Role of Yersinia Murine Toxin in Survival of Yersinia pestis in the Midgut of the Flea Vector

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Science  26 Apr 2002:
Vol. 296, Issue 5568, pp. 733-735
DOI: 10.1126/science.1069972

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Transmission by flea bite is a relatively recent adaptation that distinguishes Yersinia pestis, the plague bacillus, from closely related enteric bacteria. Here, a plasmid-encoded phospholipase D (PLD), previously characterized as Yersinia murine toxin (Ymt), was shown to be required for survival of Y. pestis in the midgut of its principal vector, the rat fleaXenopsylla cheopis. Intracellular PLD activity appeared to protect Y. pestis from a cytotoxic digestion product of blood plasma in the flea gut. By enabling colonization of the flea midgut, acquisition of this PLD may have precipitated the transition ofY. pestis to obligate arthropod-borne transmission.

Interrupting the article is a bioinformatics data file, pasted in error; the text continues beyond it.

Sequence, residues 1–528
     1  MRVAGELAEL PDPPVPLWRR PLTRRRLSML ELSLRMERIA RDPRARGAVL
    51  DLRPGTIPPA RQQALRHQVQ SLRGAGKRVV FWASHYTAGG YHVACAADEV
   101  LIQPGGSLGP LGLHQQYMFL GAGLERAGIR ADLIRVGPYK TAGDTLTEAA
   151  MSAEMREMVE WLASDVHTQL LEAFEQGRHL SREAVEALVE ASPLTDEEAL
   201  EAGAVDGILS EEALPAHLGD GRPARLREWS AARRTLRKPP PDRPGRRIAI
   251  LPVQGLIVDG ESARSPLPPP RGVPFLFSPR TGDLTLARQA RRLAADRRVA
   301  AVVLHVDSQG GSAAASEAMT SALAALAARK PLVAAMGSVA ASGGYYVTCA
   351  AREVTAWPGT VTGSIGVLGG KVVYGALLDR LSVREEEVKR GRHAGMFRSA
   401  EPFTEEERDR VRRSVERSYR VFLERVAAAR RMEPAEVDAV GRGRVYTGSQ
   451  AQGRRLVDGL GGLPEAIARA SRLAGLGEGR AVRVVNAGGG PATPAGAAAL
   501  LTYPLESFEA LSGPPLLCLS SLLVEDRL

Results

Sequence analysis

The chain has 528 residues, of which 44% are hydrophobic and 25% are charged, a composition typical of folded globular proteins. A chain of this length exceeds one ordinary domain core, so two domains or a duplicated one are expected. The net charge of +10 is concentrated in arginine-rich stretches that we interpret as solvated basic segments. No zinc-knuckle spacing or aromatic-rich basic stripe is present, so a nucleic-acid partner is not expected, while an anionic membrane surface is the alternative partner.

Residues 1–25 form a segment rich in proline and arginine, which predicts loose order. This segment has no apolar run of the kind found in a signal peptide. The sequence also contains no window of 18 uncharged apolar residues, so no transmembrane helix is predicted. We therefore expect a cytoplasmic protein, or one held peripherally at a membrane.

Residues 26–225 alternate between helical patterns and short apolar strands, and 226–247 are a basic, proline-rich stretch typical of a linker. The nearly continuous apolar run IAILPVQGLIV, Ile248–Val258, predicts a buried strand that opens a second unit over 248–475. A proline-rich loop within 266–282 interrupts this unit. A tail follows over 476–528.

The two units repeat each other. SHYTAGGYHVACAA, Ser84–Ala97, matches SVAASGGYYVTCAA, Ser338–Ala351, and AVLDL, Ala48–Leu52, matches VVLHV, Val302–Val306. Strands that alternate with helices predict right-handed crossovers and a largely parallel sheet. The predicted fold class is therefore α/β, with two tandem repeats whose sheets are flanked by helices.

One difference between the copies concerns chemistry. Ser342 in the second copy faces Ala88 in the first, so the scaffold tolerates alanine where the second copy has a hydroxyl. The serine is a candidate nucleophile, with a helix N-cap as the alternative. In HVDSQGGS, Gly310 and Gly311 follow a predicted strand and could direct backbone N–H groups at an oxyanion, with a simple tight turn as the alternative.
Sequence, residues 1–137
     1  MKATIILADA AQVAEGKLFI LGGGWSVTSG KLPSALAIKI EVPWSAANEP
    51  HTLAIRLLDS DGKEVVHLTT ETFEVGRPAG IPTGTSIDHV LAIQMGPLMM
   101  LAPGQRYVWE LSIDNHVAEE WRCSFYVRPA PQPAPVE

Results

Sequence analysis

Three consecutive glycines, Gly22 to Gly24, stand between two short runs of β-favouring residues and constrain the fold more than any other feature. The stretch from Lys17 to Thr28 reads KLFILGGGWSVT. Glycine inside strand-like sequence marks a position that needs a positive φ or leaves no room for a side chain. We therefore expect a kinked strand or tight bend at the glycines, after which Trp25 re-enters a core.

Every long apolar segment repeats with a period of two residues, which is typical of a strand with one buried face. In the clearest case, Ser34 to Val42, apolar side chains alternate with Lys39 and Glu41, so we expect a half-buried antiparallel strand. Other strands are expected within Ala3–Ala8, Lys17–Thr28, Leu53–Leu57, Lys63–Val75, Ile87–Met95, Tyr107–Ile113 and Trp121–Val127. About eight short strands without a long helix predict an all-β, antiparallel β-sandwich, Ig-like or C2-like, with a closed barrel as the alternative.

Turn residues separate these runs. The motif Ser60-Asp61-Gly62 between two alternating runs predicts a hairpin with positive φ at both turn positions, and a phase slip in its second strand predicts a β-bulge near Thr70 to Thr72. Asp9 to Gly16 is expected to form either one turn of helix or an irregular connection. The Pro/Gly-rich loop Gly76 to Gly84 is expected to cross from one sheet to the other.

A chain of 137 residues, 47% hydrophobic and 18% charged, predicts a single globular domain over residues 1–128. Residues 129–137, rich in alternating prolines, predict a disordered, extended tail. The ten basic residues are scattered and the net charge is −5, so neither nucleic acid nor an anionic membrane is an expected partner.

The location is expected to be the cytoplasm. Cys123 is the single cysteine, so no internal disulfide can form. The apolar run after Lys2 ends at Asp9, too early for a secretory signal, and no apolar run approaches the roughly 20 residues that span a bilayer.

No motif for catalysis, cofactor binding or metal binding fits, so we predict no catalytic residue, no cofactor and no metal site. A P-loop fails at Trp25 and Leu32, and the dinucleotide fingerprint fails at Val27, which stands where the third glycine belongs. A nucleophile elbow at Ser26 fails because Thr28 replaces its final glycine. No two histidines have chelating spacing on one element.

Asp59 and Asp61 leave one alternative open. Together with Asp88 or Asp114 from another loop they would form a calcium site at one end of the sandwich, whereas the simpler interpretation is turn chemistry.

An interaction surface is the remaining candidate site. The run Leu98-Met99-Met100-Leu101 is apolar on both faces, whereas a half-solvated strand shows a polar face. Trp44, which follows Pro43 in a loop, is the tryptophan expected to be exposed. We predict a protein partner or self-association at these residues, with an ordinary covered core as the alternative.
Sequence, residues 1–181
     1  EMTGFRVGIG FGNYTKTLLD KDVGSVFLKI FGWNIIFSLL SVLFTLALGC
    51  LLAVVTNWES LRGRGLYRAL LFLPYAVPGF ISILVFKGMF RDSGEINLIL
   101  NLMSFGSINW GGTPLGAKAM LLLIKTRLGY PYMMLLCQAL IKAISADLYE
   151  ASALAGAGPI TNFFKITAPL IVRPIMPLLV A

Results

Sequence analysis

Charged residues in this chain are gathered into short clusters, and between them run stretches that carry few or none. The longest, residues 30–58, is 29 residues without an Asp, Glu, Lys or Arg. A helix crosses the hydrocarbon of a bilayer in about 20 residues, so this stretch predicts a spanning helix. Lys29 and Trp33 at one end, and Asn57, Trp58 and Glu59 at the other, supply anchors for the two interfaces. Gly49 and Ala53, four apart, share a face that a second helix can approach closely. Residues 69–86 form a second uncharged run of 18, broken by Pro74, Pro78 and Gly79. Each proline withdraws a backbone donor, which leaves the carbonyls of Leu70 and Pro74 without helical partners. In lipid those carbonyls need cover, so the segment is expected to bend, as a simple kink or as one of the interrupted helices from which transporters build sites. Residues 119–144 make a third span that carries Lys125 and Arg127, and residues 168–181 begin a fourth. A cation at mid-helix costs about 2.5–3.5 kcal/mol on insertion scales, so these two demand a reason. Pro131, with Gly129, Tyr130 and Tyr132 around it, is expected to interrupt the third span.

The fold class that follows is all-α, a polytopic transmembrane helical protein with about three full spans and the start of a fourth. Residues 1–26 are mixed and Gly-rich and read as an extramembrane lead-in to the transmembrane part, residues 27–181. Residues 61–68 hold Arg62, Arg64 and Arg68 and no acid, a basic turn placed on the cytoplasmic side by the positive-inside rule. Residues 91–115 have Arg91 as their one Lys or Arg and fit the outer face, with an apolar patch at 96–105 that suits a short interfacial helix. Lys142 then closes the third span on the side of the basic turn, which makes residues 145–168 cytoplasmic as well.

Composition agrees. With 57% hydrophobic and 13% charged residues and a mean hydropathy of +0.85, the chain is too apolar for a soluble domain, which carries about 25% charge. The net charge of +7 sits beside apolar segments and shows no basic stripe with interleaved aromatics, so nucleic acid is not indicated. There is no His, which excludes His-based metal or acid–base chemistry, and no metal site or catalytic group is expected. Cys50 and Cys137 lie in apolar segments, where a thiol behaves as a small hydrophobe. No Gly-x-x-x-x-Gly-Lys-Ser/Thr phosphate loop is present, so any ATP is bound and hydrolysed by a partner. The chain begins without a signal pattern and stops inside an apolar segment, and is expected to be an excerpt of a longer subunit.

• * To whom correspondence should be addressed. E-mail: jhinnebusch{at}

  • Present address: Pharmacia Corporation, St. Louis, MO 63167, USA.

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